“Militarization and Human Rights Violations in Okinawa, Japan”, the islands’ voice to UN Human Rights Council (21 September)
Date : 2015.09.29
On Monday 21st of September, International Movement Against All Forms of Discrimination and Racism (IMADR), jointly with All Okinawa Council, Shimin Gaikou Centre and Franciscans International held a side event on “Militarization and Human Rights Violations in Okinawa, Japan”. The event was highlighted by the special report of Mr. Onaga Takeshi, Governor of Okinawa, and the comment from Ms. Victoria Tauli-Corpuz, UN Special Rapporteur on the rights of indigenous peoples . Experts from Japan contributed to the discussion including Mr. Hideaki Uemura, President of Shimin Gaikou Centre, Mr. Hideki Yoshikawa, environmental activist, and Mr. Yoshikazu Shiohira, Chief Editor of the Ryukyu Shimpo Newspaper.
The first part of the event started with a short video explaining the history of Ryukyu/ Okinawa which tracked from the forced annexation of the Ryukyu Kingdom (a kingdom governing the islands at the time), through the Battle of Okinawa and the U.S. military control of Okinawa (1945-1972), to the current over presentation of the U.S. military bases in the islands. The video captured various issues caused by the large presence of foreign bases such as civilian deaths and injuries, environmental damages, the oppression of freedom of assembly and press.
The Governor Onaga delivered his speech following the video screening. He emphasised the key fact that people of Okinawa have never willingly provided own lands for U.S. military bases. Moreover, he repeatedly criticised the Japanese government for ignoring the collective will of people against the construction of a new base in Henoko. He stressed that the collective will is clearly shown from the Prefectural election, but he regretted that the right to self-determination and democracy are not respected. He further addressed the responsibility of the U.S. government for the issue.
Furthermore, the attendants were provided an opportunity to hear insights from experts from Japan. Firstly, Mr. Hideaki Uemura explained the legal grounds of the right to self-determination of Ryukyuan/ Okinawan people. He examined the series of official documents including the Treaty of Amity signed by the U.S. government and the Ryukyu Kingdom in 1854, which established the nature of the Kingdom as an independent state. He criticised the forced annexation of the Kingdom by the Japanese government as a violation of the Vienna Convention on the Law of Treaties. He further shared the text of the 1951 San Francisco Peace Treaty indicating that the Japanese government considered Ryukyu/ Okinawa as a colony rather than a part of its territory. Based on those documents, he concluded that people of Ryukyu/ Okinawa can legitimately claim the right to self-determination.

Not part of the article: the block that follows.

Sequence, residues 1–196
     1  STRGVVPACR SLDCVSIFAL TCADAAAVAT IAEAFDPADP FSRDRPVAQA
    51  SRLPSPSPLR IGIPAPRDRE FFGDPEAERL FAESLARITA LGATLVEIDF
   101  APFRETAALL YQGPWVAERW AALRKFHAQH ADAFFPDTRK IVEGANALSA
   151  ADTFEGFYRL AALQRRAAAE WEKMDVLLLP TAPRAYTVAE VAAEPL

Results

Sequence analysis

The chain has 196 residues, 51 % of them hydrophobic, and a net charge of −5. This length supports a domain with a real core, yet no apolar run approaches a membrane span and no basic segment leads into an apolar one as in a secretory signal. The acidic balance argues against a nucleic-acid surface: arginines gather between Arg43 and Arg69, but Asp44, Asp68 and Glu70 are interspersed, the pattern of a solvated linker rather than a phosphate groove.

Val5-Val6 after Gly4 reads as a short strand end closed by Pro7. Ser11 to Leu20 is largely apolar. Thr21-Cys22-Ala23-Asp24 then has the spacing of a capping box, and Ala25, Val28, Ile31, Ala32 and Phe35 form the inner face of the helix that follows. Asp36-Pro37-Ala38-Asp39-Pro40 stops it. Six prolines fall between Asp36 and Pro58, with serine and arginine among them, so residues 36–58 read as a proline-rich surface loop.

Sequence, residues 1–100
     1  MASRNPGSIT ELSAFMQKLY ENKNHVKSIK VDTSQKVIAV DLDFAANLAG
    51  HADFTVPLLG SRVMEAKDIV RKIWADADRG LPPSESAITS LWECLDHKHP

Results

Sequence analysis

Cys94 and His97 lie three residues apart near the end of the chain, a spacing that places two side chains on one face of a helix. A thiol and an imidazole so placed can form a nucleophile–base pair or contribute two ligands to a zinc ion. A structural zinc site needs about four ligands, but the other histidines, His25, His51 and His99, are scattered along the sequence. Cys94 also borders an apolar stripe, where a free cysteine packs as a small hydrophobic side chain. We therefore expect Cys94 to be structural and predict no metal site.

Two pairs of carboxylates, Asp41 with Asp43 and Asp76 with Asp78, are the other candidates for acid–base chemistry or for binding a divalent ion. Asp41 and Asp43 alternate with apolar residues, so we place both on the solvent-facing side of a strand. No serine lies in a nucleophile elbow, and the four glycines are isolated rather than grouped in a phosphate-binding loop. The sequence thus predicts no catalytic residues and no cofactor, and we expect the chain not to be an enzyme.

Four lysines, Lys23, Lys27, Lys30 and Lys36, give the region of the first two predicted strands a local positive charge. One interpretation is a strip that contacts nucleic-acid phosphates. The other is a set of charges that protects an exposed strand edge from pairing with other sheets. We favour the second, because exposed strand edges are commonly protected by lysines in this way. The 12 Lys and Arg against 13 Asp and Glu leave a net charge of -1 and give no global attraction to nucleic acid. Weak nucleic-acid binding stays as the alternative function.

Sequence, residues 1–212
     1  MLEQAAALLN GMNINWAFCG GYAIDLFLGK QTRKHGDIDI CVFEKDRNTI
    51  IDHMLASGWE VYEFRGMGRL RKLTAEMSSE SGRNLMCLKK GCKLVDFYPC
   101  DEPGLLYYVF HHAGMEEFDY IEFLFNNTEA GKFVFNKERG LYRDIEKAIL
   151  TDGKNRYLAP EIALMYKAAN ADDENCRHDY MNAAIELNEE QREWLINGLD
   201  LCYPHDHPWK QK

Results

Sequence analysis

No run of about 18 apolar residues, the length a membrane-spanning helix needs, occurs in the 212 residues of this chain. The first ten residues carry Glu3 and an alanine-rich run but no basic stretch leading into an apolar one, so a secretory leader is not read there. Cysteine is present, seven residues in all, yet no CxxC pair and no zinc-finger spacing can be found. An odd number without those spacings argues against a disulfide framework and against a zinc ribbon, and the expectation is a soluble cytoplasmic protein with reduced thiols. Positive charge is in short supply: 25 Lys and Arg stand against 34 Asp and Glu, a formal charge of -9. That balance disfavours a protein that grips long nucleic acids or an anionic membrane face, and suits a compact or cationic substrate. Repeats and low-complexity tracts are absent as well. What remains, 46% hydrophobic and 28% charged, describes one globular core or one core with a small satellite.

Secondly, Mr. Hideki Yoshikawa addressed environmental damages caused by the U.S. military bases. He reported environmental pollution ranging from the storage of Agent Orange during the Vietnam War to the recent discovery of a massive amount of toxic waste containing dioxin from a former U.S. military base, noise pollution and environmental destruction. He shared concern on the limited access to information regarding environmental impacts caused by the U.S. military bases. He alerted that the construction of a new U.S. military base in Oura Bay, which hosts a rich eco system and endangered dugongs, will violate the right to environment. In conclusion, he introduced the 2008 decision of the U.S. Federal Court. It ruled that the U.S. Department of Defence violated the National Historical Preservation Act by not taking into account the effects of the base on dugongs in the construction plan.
Thirdly, Mr. Yoshikazu Shiohira reported the oppression of free press and freedom of assembly. The freedom of assembly is restricted in Okinawa due to the forced evacuation of peaceful protesters outside the Camp Schwab Gate by the police and the surveillance by the Bureau of Defense Policy. Such measures are taken place on a daily basis, and the Bureau also films protesters which discourage people to engage in protests. The Bureau also installed a heavy iron plate with triangular projections. This plate not only prevents people from protesting in front of the Gate, but also it is life-threatening if one falls. He accused the Japanese government for those oppressive measures.
Finally, Special Rapporteur Victoria Tauli-Corpuz provided her comment on the situation. She shared her sympathy to the struggle of Ryukyuan/ Okinawan people, recalling her past involvement with the indigenous movement against U.S. military bases in the Philippines. She noted that human rights violations such as murders, environmental damages and land acquisition also took place in the country due to the presence of U.S. military bases, which resembles the current situation in Okinawa. She repeatedly stressed that self-identification of people of Ryukyu/Okinawa is a key. She told the attendants if people of Ryukyu/Okinawa self-identify themselves as indigenous peoples, rights enshrined in the UN Declaration on the Rights of Indigenous Peoples (UNDRIP) such as the right to self-determination (art. 3), free, prior and informed consent (FPIC, art.19), the right to environment including the protection from hazardous materials (art.29) and the prohibition of military activities in indigenous territories (art.30). She highlighted that those rights are closely related to the issue in Okinawa.